Jeremy Hunt shifts blame for poor elderly care onto GPs
Posted on: 10 September 2013 by Gareth Hargreaves
Health Secretary says poor service received by most vulnerable is down to Labour and not the top-to-bottom cuts the coalition has made to front line NHS services.
GP contracts changed under the last Labour government have led to a breakdown in the relationsip between GPs and their registered patients, according to Health Secretary, Jeremy Hunt.
Writing in The Telegraph, Hunt says: "We need a much better way for vulnerable old people to journey through the NHS."
"They need someone from the service to be keeping tabs on them and championing them through the system all the time - and making sure they're a name, not a number, whether or not they are in hospital.
"As a member of the public I would like that responsible person to be my GP - but of course they will need support from many others, including our dedicated district nurses."
"Since the last government's misguided changes to the GP contract, it's become easier to go to A&E and harder to go and see a GP."
Mr Hunt's view was quickly countered by Clare Gerada, chair fo the Royal College of GPs (RCGP), who said the system's failing were "to do with the fact we are 10,000 GPs short."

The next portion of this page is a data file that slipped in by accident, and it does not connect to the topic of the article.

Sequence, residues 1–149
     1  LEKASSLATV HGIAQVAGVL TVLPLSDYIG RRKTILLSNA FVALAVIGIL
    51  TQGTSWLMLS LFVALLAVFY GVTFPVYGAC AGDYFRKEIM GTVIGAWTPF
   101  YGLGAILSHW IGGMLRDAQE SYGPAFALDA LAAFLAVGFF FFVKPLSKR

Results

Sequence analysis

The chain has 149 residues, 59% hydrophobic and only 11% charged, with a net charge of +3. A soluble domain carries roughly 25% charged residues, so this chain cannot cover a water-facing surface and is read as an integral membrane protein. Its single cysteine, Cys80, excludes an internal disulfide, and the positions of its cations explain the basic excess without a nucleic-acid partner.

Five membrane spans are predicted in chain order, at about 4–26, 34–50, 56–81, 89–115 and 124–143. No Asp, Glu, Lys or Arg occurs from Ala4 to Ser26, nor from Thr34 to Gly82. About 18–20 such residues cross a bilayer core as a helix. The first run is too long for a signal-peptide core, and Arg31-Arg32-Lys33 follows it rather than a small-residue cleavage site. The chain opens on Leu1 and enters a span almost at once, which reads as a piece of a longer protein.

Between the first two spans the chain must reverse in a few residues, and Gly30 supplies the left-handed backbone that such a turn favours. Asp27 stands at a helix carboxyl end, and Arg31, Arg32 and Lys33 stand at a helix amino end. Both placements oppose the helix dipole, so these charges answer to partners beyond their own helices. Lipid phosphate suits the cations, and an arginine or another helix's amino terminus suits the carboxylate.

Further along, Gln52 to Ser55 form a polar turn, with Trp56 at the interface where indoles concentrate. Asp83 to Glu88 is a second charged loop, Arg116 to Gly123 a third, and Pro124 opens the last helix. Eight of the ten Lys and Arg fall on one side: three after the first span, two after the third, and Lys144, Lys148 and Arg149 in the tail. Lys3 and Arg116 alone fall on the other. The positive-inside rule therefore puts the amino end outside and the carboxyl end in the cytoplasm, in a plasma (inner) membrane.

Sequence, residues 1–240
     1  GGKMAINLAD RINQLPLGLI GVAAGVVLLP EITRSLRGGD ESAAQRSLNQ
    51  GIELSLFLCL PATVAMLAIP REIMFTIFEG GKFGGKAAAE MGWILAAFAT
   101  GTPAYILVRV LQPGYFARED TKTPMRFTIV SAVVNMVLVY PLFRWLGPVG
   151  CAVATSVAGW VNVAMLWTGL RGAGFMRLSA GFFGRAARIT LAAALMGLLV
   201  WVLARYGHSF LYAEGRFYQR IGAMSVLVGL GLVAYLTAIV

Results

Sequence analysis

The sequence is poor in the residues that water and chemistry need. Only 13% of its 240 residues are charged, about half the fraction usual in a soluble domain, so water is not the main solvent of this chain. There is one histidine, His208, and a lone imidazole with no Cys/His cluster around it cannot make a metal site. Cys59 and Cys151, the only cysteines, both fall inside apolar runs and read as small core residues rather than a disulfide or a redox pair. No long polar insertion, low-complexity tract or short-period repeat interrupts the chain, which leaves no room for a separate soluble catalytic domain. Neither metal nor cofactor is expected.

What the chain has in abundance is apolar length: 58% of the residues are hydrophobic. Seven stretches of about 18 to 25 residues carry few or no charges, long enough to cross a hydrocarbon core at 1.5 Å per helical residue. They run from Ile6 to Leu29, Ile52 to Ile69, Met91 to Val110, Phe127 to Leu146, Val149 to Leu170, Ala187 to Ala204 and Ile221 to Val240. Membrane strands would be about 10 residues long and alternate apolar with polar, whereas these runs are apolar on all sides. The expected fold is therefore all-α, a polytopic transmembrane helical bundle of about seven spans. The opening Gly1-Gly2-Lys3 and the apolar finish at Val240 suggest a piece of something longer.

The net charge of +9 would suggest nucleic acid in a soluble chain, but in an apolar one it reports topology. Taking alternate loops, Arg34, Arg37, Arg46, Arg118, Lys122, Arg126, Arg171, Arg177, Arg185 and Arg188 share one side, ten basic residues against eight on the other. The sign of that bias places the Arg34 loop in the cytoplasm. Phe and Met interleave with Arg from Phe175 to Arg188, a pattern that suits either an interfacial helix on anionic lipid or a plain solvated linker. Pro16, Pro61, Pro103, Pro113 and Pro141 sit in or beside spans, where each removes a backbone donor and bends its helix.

Gerada's comment highlights the disparity between what the RCGP believes to be an ideal number of GPs against the rather underwhelming increase Mr Hunt proposes, saying: the government had "plans for 2,000 more GPs" and he would be "looking to see if that's enough".
It show a total detachment from the realities of front line health service provision, that the Health Secretary can berate the very people who have maintained the same high levels of NHS service in spite of massive cuts and a top-down restructure.
Speaking of the minister's comments, Dr Gerada said: "I'm sure Mr Hunt regrets saying that emergency doctors know their patients better than their GPs because there's blatantly no evidence for that."